But the story does not stop there. It continues, because these relationships exist for a purpose. Jesus speaks of that purpose: He speaks of the branches “bearing fruit.” This is a metaphor that people familiar with the Old Testament would recognize. When vineyard imagery is used in the Hebrew text it refers to the faithfulness of the Jewish community. Jesus uses it in a new way. “Bearing fruit” emerges here as a way to speak about the works of love that are required of Jesus’ believers. We will hear it again in the letters of Paul. We will hear about “fruit of the Spirit” in a few weeks at Pentecost. To bear fruit is the believer’s purpose.
In this text Jesus is summarizing the most important message he wants to leave with his friends. He reminds them of the command to love one another as he has loved them. On the last night in the upper room, he demonstrated his love in a dramatic way. He washed the disciples’ feet and told them to wash one another’s feet. He says, “I give you a new command: love one another.”
Jesus says when we love like he loves, this deep, comprehensive love, that originates in God, flows through himself, and makes its way to faithful disciples, his joy will be complete.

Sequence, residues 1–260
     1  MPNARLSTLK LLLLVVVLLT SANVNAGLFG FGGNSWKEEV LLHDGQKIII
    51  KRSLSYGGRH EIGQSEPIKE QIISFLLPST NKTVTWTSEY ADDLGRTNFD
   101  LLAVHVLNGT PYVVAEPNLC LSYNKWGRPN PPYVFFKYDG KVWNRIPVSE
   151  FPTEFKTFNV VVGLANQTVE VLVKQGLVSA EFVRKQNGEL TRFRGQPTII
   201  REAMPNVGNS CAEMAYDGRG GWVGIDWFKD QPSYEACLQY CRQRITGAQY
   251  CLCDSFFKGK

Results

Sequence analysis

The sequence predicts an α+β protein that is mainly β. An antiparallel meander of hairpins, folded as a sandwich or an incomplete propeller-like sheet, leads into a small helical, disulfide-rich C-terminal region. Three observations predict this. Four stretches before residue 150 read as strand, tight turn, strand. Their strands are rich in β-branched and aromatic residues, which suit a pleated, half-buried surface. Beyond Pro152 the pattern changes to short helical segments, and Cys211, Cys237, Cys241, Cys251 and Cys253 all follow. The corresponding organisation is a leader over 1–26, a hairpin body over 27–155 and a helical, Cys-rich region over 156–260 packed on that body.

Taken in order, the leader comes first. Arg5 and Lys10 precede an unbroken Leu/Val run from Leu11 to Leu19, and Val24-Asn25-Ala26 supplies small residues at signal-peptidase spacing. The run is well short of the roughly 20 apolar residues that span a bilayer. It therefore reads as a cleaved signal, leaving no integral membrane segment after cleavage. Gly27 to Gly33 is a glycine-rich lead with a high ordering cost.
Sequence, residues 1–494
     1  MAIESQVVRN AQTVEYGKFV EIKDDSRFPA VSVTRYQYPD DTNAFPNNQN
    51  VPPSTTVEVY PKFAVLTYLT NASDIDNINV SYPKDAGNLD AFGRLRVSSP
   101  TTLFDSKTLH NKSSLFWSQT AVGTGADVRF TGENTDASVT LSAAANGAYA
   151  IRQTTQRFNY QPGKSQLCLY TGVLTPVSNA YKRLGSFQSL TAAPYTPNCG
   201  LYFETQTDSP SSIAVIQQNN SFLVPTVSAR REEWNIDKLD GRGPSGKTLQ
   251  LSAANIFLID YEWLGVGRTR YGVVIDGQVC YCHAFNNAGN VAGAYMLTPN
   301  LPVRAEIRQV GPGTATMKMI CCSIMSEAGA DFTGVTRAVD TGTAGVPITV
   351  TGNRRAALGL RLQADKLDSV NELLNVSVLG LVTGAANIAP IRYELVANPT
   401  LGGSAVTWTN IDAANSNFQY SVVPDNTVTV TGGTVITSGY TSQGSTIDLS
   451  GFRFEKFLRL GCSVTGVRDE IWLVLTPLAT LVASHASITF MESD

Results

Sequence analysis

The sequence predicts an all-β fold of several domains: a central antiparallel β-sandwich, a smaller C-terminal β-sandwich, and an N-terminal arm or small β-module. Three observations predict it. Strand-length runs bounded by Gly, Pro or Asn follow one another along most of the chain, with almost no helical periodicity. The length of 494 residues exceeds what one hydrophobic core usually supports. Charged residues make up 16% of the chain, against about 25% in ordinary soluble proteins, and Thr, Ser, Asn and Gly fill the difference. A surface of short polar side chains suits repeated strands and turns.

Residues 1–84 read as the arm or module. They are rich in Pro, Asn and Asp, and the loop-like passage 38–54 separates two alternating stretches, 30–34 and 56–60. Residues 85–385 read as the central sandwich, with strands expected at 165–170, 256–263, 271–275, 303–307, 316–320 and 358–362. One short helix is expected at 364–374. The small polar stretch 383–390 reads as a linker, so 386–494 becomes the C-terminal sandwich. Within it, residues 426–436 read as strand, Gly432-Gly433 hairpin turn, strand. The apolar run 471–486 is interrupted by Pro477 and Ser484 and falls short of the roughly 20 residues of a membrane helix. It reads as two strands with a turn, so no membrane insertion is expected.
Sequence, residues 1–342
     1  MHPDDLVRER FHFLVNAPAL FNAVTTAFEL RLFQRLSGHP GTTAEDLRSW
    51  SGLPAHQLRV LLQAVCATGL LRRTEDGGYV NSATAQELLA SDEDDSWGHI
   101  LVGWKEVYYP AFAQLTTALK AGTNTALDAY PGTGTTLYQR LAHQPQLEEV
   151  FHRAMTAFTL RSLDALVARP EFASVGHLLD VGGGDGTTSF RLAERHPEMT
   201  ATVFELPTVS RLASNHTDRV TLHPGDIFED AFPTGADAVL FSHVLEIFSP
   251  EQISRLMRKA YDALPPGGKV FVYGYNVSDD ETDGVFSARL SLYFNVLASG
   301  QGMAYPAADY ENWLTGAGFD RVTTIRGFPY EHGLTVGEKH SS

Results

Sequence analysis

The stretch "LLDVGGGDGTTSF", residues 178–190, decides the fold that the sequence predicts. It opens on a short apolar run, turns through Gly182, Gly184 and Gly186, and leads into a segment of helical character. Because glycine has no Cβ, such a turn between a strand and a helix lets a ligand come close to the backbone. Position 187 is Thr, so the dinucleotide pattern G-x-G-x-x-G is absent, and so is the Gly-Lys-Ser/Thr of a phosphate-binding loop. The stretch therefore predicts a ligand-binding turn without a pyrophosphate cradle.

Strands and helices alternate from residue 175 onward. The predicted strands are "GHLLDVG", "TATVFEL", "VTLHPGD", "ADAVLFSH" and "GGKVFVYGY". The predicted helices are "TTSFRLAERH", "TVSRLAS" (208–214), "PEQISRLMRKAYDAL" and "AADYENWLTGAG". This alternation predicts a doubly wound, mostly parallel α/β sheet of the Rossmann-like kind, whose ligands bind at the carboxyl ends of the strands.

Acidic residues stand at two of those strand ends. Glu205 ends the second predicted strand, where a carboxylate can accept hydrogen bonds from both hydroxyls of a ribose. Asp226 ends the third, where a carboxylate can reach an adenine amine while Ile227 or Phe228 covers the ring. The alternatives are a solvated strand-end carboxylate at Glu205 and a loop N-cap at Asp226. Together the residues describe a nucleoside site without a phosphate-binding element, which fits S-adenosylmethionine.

Bible scholars say that verse 13 is the most explicit statement in the Gospel of what it means to love as Jesus loves:
“Greater love has no one than this: to lay down one’s life for one’s friends.”
Jesus’ death is the ultimate demonstration of his love. So, what we have here, these verses of John chapter 15, is the love letter of Jesus, at the end of his life, to his friends and to us.
Let’s sit with that a moment. How can we describe such a love? Have we ever witnessed such a love? Is it even possible this side of heaven?
Our next-door neighbors have two grandchildren. Their daughter is a full-time nurse and they have always provided child care for the little ones. One day when their grandson was still a toddler, he tobbled over to his grandmother and held up his sippee cup, which, in toddler language is the sign for “more.”
She refilled the cup and when she turned to hand it to him, she found him passed out on the floor, still as a stone. Eyes closed. Limp. She couldn’t rouse him. You can just imagine the terror of that moment.
She immediately called for help. Minutes later her husband arrived from work. He beat the ambulance to the house. Baby was revived. It appeared he had suffered a seizure, cause unknown, and was bundled off to the hospital, sirens screaming.
As soon as I could, I headed that way, too. My pastor’s badge got me into the ER and right back to the exam room. The scene took my breath away. This little boy, so tiny and pale in that stark white bed, clutching his security blanket, safe in the embrace of his mother, who was in the sure embrace of her mother.
On the end of the bed sat grandfather. He turned toward me as I entered the room. His expression said it all: he would die for that little boy.